The president of the European Commission is warning that the omicron variant could become the dominant coronavirus variant across the 27-nation bloc by mid-January.
Ursula von der Leyen told members of the European Parliament Wednesday in Brussels that many member nations are already seeing a sharp rise in new infections from both omicron and the highly-contagious delta variant.
But she said the EU is prepared to fight the new variant, with 66.6% of the population, or more than 300 million people, fully vaccinated against COVID-19, and 62 million having received a booster shot. President von der Leyen said each nation has enough vaccine doses for every citizen to blunt the spread of omicron.
Von der Leyen’s warning comes a day after the World Health Organization warned the omicron variant of the coronavirus is likely present in most countries, even if it has not been detected.
WHO Director-General Tedros Adhanom Ghebreyesus said Tuesday in Geneva that omicron “is spreading at a rate we have not seen with any previous variant” and warned that “the sheer number of cases could once again overwhelm unprepared health systems.”
Tedros also warned against complacency over omicron in the wake of early data that suggests it is a milder version than other known variants. “We have learned by now that we underestimate this virus at our peril,” he told reporters.
The U.S. Centers for Disease Control and Prevention issued a similar warning Tuesday during a briefing with state and local health officials. The agency said new COVID-19 infections driven by omicron rose from just 0.4% to 2.9% between December 4 to 11. Officials said omicron is spreading so rapidly that the U.S. could be hit with a fresh wave of new infections as early as January driven by both omicron and the delta variant, combined with the annual winter outbreak of influenza.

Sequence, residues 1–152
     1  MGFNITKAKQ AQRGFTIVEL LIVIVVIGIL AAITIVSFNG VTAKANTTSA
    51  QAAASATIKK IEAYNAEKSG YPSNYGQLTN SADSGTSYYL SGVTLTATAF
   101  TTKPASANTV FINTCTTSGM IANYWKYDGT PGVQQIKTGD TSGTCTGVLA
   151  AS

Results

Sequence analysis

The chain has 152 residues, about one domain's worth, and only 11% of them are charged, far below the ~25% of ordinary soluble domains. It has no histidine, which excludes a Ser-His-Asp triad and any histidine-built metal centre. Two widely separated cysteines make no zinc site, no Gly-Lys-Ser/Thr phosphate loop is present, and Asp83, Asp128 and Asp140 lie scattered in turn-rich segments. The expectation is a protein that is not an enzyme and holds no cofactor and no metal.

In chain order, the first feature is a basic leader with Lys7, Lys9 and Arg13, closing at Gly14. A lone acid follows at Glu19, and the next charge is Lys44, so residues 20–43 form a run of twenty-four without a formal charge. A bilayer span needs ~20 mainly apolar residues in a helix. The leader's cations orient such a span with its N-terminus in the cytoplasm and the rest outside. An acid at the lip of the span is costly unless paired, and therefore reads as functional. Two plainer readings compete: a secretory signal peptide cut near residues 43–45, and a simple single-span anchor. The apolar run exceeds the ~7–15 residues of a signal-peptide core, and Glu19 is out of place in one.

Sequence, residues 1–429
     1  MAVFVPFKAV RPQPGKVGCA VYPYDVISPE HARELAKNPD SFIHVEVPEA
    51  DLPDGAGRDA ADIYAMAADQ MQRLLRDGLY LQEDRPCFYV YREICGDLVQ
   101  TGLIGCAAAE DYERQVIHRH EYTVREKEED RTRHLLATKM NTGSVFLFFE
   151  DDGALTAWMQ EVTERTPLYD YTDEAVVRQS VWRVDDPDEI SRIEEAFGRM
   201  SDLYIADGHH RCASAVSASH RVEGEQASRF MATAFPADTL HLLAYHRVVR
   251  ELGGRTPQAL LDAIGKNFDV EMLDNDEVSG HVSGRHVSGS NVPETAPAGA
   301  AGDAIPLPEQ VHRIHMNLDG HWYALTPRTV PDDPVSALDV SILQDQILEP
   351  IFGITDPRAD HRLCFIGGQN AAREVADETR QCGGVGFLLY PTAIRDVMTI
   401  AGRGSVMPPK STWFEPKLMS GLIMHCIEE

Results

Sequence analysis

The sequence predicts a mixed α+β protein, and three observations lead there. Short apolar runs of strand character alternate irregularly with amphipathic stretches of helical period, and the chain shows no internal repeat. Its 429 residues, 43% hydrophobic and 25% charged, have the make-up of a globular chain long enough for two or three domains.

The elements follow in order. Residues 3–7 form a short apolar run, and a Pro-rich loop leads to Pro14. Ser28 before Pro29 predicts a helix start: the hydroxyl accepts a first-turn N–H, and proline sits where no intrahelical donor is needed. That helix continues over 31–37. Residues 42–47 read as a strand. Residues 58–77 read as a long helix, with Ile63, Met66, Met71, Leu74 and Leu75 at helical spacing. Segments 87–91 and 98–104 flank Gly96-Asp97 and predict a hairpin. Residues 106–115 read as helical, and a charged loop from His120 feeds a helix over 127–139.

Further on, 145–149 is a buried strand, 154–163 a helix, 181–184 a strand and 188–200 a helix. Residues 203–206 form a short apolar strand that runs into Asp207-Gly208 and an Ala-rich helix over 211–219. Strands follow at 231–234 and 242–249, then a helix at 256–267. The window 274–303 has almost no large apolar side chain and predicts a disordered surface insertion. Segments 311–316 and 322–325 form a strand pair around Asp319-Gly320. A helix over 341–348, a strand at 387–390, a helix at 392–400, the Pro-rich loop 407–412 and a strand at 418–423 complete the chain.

Various studies have revealed the current COVID-19 vaccines in use around the world are not as effective in protecting against infection against omicron than other variants, but can still offer protection against severe disease, especially if the initial vaccination is followed by a booster shot.
Meanwhile, officials at Cornell University have ended most activities at its campus in Ithaca, New York after just over 900 students tested positive for COVID-19, with many of them infected with the omicron variant. Cornell President Martha Pollack announced in a letter to the student body Tuesday that final exams for the current fall semester will be conducted online, upcoming athletic events canceled and libraries, fitness centers and gyms have been closed. A ceremony for students graduating this month has also been canceled.
The university has raised its COVID-19 alert level to “red,” indicating a high risk of transmission among the school community. Students are being allowed to leave campus and return home once they test negative for the virus. At least 97% of all Cornell students are fully vaccinated against COVID-19.